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Facebook knows what you do when you are offline. Image: Business Insider.

Facebook needs data from its users to function more than any other social network. The company lives from advertising revenue, so it uses the information to make personalized ads increasing the platform’s marketing effectiveness.

However, most people are not aware of this fact. They do not know that Facebook records their behavior, meddling into their online lives from time to time.

They might also not know that Facebook is (apparently) also snooping into their offline lives for the same purpose. As always, it seems that Facebook wants to learn more about its users than even they know about themselves.

Facebook gets public offline information from third-party data brokers

The social media platform, according to many online reports, has begun a recent set of partnerships meant to gather data from its user’s habits when they are away from the site and into the real world.

It all started early in 2013 when Facebook began to do business with two companies called Acxiom and Epsilon. Both of them collect data from public places and later sell them to companies like Facebook for revenue.

Data collection companies, which also include other big names like BlueKai and Datalogix, sometimes have access to information about a given user when they make purchases at stores, joining a mailing list or other situations.

Some sources claim that these companies handle private information that could include things that Facebook could not know solely by a user’s online activity, like their economic situation, buying habits, required medication, height, weight, and much more.

Zuckerberg’s empire is not being honest about what they know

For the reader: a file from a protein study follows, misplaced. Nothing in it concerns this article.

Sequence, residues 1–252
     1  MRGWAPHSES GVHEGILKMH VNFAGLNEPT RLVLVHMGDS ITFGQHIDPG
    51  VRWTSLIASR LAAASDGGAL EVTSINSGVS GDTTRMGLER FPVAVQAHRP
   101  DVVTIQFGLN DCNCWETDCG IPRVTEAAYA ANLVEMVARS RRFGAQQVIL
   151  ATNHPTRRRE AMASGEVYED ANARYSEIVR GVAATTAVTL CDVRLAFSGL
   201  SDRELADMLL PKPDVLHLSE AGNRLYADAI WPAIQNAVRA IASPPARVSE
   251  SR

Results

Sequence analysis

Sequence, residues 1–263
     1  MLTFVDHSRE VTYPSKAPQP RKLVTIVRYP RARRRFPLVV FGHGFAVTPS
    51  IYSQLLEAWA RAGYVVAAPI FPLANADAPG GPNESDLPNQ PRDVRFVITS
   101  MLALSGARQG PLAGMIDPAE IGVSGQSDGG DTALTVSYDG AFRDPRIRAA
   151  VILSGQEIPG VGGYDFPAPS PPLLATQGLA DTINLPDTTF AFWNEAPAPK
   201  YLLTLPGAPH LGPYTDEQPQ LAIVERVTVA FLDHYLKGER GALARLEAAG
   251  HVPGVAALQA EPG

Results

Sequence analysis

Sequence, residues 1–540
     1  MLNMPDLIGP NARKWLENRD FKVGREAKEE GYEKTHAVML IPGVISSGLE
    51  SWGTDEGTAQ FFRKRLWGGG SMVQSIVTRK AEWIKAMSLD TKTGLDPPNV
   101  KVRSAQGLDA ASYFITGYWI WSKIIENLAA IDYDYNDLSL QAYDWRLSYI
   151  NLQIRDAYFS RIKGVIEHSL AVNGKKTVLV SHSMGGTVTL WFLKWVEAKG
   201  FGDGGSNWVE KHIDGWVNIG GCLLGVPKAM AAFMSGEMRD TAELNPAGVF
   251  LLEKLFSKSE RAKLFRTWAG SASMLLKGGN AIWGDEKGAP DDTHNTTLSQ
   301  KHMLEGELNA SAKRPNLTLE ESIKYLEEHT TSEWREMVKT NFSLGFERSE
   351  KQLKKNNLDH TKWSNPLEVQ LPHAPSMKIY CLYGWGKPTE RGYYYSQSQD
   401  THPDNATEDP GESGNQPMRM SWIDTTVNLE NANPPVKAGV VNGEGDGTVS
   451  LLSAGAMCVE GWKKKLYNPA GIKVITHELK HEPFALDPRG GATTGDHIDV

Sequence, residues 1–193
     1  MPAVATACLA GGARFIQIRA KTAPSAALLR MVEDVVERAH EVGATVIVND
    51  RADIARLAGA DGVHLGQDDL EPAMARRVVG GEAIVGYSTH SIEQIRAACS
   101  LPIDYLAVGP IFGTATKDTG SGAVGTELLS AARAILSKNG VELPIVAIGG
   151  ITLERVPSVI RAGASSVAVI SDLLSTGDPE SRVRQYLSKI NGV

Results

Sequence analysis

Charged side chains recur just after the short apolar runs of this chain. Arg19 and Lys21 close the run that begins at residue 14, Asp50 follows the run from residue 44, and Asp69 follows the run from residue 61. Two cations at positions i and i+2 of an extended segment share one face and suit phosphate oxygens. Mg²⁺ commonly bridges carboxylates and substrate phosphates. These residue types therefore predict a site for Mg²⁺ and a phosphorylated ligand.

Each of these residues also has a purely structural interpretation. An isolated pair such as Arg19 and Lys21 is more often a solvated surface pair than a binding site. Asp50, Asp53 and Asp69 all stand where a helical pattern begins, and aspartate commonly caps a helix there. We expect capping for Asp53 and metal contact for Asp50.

The real issue at hand is the level of disclosure that Facebook provides to the end user. As stated above, the vast majority does not know this is happening, and the vast majority would most likely not agree to it.

The company has officially said that they choose not to tell users about this particular data collection because “it’s widely available” and they did not assemble it in the first place.

They also added that they have “a different approach” for restrictions on data regarding third-party categories because these companies also make this information available to other platforms.

Steve Satterfield, Facebook’s manager of privacy and policy, reiterated that users could opt-out of this third party data collection by contacting these third-party brokers directly or accessing Facebook’s help center (which ultimately leads to these data brokers).

But again, two primary issues remain. The first one is how much they know precisely about an individual user’s life (which they don’t disclose), and the second is why users can’t directly opt-out through Facebook.

How to opt-out of Facebook collecting your offline data

Like Satterfield stated, contacting Datalogix, Acxiom, or one of the multiple companies that manage your data might be a likely first step. But there are too many to count, and most of them will not make the process easy for the privacy-concerned customer.

In fact, reports point out to Acxiom asking users for the last four digits of their social security number to show them their data. Not to delete it, not to opt-out, just to show them what they have on them.

However, most of them do have an opt-out option. Users should focus on getting out from Acxiom, Datalogix, and Epsilon. The Electronic Frontier Foundation has a step-by-step guide on how to do this correctly.

Source: ProPublica / Public Frontier guide

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